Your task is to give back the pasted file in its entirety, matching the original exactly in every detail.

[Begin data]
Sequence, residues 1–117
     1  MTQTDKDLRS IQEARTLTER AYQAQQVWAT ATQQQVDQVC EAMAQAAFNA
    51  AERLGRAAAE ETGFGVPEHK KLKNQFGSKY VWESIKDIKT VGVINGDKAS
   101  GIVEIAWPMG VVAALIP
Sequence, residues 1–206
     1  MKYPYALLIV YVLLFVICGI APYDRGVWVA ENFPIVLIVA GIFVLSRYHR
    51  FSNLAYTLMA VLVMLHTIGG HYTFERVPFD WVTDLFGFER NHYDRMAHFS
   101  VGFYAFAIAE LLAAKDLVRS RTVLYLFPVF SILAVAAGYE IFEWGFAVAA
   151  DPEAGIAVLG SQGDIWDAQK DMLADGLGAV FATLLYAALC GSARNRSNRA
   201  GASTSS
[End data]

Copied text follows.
Sequence, residues 1–117
     1  MTQTDKDLRS IQEARTLTER AYQAQQVWAT ATQQQVDQVC EAMAQAAFNA
    51  AERLGRAAAE ETGFGVPEHK KLKNQFGSKY VWESIKDIKT VGVINGDKAS
   101  GIVEIAWPMG VVAALIP
Sequence, residues 1–206
     1  MKYPYALLIV YVLLFVICGI APYDRGVWVA ENFPIVLIVA GIFVLSRYHR
    51  FSNLAYTLMA VLVMLHTIGG HYTFERVPFD WVTDLFGFER NHYDRMAHFS
   101  VGFYAFAIAE LLAAKDLVRS RTVLYLFPVF SILAVAAGYE IFEWGFAVAA
   151  DPEAGIAVLG SQGDIWDAQK DMLADGLGAV FATLLYAALC GSARNRSNRA
   201  GASTSS